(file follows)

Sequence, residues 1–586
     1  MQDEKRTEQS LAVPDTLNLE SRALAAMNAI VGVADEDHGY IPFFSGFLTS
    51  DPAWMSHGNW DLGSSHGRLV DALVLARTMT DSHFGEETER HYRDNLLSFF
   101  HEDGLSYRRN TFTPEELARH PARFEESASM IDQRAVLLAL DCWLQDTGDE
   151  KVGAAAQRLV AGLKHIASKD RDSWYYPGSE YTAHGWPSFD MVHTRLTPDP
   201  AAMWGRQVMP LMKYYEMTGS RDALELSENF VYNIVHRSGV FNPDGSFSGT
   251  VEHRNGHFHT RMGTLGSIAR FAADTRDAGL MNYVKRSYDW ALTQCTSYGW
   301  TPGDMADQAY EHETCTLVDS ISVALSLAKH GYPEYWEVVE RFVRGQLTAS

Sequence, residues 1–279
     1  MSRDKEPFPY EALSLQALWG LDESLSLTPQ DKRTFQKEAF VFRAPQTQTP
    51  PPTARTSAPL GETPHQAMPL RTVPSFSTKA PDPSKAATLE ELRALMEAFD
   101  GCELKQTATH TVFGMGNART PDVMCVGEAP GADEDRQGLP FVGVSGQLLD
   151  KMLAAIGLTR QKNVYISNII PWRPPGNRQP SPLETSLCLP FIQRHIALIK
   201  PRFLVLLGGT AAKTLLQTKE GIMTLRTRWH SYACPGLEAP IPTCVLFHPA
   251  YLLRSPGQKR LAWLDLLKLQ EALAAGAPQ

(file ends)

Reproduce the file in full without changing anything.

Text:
Sequence, residues 1–586
     1  MQDEKRTEQS LAVPDTLNLE SRALAAMNAI VGVADEDHGY IPFFSGFLTS
    51  DPAWMSHGNW DLGSSHGRLV DALVLARTMT DSHFGEETER HYRDNLLSFF
   101  HEDGLSYRRN TFTPEELARH PARFEESASM IDQRAVLLAL DCWLQDTGDE
   151  KVGAAAQRLV AGLKHIASKD RDSWYYPGSE YTAHGWPSFD MVHTRLTPDP
   201  AAMWGRQVMP LMKYYEMTGS RDALELSENF VYNIVHRSGV FNPDGSFSGT
   251  VEHRNGHFHT RMGTLGSIAR FAADTRDAGL MNYVKRSYDW ALTQCTSYGW
   301  TPGDMADQAY EHETCTLVDS ISVALSLAKH GYPEYWEVVE RFVRGQLTAS

Sequence, residues 1–279
     1  MSRDKEPFPY EALSLQALWG LDESLSLTPQ DKRTFQKEAF VFRAPQTQTP
    51  PPTARTSAPL GETPHQAMPL RTVPSFSTKA PDPSKAATLE ELRALMEAFD
   101  GCELKQTATH TVFGMGNART PDVMCVGEAP GADEDRQGLP FVGVSGQLLD
   151  KMLAAIGLTR QKNVYISNII PWRPPGNRQP SPLETSLCLP FIQRHIALIK
   201  PRFLVLLGGT AAKTLLQTKE GIMTLRTRWH SYACPGLEAP IPTCVLFHPA
   251  YLLRSPGQKR LAWLDLLKLQ EALAAGAPQ